We have a good news-bad news situation on our hands when it comes to defense spending. The good news is, it’s heading in the right direction: Up. The bad news is, it remains too low to fix the spending holiday that afflicted our military for years — a failure to fund that has seriously compromised our readiness levels.
Budget numbers released by Democrats, who control the House of Representatives, look impressive at first glance: $622 billion for the base defense discretionary budget. That’s an increase of 2.3 percent over the last budget the House passed.
Unfortunately, it’s not enough. Once you take the defense cuts of the last decade or so into consideration, you realize we have a lot of ground to make up.
According to Former Defense Secretary James Mattis and Gen. Joseph Dunford, chairman of the Joint Chiefs of Staff, we need between 3 percent and 5 percent real growth in the coming years to keep pace with the threats facing our nation.
I’m not just talking about North Korea. The missile danger from Pyongyang is indeed serious, and one that grabs big headlines every time Kim Jong-un decides to rattle his saber. But there are other countries of concerns around the globe.
Take Iran, which the 2019 Index of U.S. Military Strength describes as the Middle Eastern country most hostile to American interests. Over the last several years, it has moved closer and closer to becoming a nuclear power, and it has continued enhancing its missile capabilities. And it actively foments instability throughout the region.
Elsewhere in the Middle East, we have a wide variety of terrorist groups on the prowl. Yes, the Islamic State has been all but wiped out, having lost more than 98 percent of the territory it once held, but it’s not completely eliminated. And the Iran-sponsored Hezbollah and the Iranian-backed Shia militias also present a danger to regional peace.
Then there’s China. The People’s Liberation Army continues to engage in live-fire exercises in the East China Sea near Taiwan, and to probe South Korea’s and Japan’s air defenses. Meanwhile, Beijing’s cyber-espionage and attempts at hacking computer networks show no sign of slowing down.
And we can’t forget Russia. It “regularly performs provocative military exercises and training missions, and continues to sell and export arms to countries hostile to U.S. interests,” the Index editors note. “It also has increased its investment in modernizing its military and has gained significant combat experience while continuing to sabotage U.S. and Western policy in Syria and Ukraine.”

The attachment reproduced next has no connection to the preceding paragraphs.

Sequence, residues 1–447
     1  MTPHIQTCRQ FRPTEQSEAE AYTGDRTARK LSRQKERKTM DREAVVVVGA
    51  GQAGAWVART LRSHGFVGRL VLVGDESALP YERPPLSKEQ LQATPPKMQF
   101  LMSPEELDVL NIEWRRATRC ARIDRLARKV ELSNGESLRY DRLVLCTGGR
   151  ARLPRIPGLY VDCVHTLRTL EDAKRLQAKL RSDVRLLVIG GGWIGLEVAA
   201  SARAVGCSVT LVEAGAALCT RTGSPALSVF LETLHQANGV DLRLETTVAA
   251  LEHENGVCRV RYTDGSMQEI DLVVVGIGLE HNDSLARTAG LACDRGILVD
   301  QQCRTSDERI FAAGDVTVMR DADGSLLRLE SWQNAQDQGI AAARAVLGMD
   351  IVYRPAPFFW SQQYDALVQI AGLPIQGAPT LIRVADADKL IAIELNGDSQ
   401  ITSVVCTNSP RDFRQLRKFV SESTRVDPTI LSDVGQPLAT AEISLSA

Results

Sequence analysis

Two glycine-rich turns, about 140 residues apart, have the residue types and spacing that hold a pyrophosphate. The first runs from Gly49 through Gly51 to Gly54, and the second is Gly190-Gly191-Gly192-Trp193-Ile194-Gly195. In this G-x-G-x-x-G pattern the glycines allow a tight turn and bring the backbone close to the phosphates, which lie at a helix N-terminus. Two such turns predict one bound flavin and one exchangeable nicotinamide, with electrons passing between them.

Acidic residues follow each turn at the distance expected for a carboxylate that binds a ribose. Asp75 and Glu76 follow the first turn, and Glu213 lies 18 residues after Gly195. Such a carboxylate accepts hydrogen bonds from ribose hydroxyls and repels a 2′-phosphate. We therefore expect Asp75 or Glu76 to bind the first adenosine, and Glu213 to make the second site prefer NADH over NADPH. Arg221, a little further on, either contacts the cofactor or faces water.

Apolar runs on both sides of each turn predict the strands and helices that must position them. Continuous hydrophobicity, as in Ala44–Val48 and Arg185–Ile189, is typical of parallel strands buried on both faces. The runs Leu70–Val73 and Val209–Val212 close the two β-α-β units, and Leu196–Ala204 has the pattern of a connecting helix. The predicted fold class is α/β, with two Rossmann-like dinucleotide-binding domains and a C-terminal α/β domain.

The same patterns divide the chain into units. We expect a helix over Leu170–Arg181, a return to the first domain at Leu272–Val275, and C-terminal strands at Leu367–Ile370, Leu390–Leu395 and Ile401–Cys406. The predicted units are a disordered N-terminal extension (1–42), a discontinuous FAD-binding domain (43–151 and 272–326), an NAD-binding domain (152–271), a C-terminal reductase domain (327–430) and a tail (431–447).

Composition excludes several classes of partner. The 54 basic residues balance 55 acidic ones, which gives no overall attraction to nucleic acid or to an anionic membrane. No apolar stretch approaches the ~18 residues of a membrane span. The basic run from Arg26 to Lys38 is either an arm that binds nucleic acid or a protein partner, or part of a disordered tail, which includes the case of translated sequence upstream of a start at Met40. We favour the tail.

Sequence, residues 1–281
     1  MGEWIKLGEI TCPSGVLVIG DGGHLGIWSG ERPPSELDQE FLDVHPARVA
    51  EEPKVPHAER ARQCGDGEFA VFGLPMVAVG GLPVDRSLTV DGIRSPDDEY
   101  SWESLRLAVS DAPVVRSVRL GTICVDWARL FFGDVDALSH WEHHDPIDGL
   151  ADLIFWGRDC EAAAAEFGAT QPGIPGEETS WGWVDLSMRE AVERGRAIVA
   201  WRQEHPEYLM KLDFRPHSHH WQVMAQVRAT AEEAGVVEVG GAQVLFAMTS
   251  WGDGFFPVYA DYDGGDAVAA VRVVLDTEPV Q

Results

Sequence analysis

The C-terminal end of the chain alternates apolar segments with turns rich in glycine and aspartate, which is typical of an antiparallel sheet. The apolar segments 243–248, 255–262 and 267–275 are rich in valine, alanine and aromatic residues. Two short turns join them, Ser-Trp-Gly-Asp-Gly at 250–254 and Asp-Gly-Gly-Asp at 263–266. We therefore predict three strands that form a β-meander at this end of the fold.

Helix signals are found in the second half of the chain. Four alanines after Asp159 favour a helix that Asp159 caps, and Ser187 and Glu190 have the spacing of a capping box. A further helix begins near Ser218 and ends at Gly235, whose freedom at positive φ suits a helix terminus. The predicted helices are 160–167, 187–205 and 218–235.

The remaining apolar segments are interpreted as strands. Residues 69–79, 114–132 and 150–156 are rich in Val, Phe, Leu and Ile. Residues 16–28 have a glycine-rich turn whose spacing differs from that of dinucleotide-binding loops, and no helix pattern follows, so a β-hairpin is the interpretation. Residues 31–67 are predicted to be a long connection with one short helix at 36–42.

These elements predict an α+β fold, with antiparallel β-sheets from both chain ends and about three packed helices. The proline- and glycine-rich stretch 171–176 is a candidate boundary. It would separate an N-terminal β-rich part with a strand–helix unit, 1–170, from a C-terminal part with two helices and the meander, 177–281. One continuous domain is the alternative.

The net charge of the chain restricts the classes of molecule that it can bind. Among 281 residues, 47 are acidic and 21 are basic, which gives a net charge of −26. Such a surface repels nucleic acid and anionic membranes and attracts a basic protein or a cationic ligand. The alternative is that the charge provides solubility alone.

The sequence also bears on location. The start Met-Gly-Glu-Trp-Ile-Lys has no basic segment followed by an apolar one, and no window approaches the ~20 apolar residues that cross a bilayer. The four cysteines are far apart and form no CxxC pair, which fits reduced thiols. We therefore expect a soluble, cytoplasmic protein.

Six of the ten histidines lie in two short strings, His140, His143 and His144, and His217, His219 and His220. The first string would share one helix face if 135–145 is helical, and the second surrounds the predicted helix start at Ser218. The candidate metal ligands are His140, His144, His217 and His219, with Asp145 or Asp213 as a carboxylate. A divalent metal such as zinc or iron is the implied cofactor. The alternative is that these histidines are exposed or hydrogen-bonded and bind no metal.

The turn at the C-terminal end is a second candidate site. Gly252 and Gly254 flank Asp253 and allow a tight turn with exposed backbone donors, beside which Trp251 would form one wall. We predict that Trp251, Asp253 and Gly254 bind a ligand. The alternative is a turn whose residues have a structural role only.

Yet until recently, we had been cutting defense spending. That forced our military, in turn, to cut training. They’ve had to rely on planes, tanks and other equipment that should have been retired years ago.
The reversal of this trend is certainly welcome. But we can’t repair the damage in a year. On the Index’s five-rating scale of “very strong, strong, marginal, weak, and very weak,” the overall rating for our military is “marginal.” You don’t jump from “marginal” to “very strong” overnight, unfortunately.
How does one judge the right size, strength and capability of our armed forces? The Index editors use a formula long embraced by successive presidential administrations, Congresses and Department of Defense staffs: The ability to handle two major wars at the same time.
For now, the Index editors say, our military is likely capable of meeting the demands of a single major regional conflict while also taking care of its other ongoing responsibilities.
Add another conflict, though, and we’d be in trouble. Considering the threat levels out there, who can confidently say that second conflict couldn’t happen?
So while lawmakers should be praised for taking steps in the right direction, they now need to realize that it’s high time we picked up the pace.
Our enemies aren’t waiting. And neither should we.
Ed Feulner is founder of The Heritage Foundation (www.heritage.org).